The Practices

Pause with a poem

What Martha Knew
Busy about many things, she knew how
to cope with others’ agendas
and take the days’ tradeoffs in stride.
She knew that, unlike her sister,
she was not likely to sit quietly
and listen before the work was done.
But she listened.  She heard
his voice as she stirred
the pot, and paused, and wept.
She knew that if he had been there
her brother would not have died.
Even when he rebuked her, her heart
opened and her breath
slowed.  So she was content
when he finally blessed the warm bread
and gave thanks for the work
of women who know how to welcome
God himself in the midst of things. 

Marilyn Chandler McEntyre

Father Thomas Keating wrote: “Daily life is practice number 1 for a Christian, but it can cease to be a practice without the discipline of contemplative [Centering] prayer.”

How does the poem speak into your daily life as practice number 1? Who blesses your work and recognises your efforts. How do they do this and how do you receive it?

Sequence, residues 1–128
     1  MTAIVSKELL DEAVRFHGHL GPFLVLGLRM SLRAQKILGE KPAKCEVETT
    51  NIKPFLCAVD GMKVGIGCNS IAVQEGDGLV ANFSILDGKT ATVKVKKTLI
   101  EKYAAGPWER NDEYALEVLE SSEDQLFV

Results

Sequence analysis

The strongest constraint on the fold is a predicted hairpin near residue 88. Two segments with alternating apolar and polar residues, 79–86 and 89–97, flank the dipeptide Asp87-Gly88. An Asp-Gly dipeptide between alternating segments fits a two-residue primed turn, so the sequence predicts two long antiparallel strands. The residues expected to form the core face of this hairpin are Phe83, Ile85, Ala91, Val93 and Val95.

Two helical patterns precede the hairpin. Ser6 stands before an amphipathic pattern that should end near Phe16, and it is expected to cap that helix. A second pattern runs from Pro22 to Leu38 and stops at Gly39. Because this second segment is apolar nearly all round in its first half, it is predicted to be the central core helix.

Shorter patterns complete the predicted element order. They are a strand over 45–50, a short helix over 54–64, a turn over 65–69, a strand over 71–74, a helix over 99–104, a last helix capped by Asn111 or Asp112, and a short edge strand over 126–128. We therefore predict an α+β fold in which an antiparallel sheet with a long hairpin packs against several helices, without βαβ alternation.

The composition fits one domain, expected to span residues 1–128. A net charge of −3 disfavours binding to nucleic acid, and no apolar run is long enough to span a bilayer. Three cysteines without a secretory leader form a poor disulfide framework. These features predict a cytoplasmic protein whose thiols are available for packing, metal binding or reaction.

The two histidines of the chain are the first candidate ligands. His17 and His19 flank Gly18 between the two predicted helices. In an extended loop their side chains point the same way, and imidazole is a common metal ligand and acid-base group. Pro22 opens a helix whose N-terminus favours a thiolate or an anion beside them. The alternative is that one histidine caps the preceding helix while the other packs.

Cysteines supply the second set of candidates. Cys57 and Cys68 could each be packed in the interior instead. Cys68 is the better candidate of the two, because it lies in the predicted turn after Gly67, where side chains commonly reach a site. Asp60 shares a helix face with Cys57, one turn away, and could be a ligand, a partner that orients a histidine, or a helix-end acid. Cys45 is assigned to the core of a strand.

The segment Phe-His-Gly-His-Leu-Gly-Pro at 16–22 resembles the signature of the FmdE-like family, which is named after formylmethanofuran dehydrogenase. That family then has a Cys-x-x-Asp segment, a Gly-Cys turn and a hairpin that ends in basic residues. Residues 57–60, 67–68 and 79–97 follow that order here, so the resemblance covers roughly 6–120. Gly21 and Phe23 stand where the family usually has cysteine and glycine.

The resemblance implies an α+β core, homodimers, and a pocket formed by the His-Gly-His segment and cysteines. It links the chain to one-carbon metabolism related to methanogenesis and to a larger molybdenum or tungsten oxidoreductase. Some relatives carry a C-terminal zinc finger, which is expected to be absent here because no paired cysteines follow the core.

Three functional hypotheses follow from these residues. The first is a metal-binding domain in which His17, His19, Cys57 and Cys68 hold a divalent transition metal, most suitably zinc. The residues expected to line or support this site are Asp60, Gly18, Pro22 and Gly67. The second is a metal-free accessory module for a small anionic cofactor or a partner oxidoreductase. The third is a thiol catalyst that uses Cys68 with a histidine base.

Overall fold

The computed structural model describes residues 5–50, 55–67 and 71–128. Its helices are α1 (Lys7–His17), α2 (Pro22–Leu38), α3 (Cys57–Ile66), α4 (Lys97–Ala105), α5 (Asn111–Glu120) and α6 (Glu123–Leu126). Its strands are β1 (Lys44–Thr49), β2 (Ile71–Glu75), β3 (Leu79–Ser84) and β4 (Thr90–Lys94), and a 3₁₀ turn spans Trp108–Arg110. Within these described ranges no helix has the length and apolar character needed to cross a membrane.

How might you offer a rebuke as a call to awaken?

How might you receive a rebuke as a reminder to get back up again?

You may want to write out the poem in your journal, or stick it on your kitchen cabinet/ by your computer screen so that you can return to it during the day and over the week.

Embodied Prayer

The body holds and remembers truths that the mind cannot always keep in focus, and a practice that involves movement or consciously taking up a posture allows for truth to sink into our bones, realigning us with the deep ground of our being which tells us everything is gift, everything is holy and everything offers us the opportunity to wake up to this.

Think outside the box for this: If your habit is to close your eyes and sit inside to pray, what about taking yourself outside, walk, look, listen, feel and let this become prayer within you.

Or choose a practice like mindful eating (you might want to pick just one thing to eat each day with full awareness, gratitude and appreciation);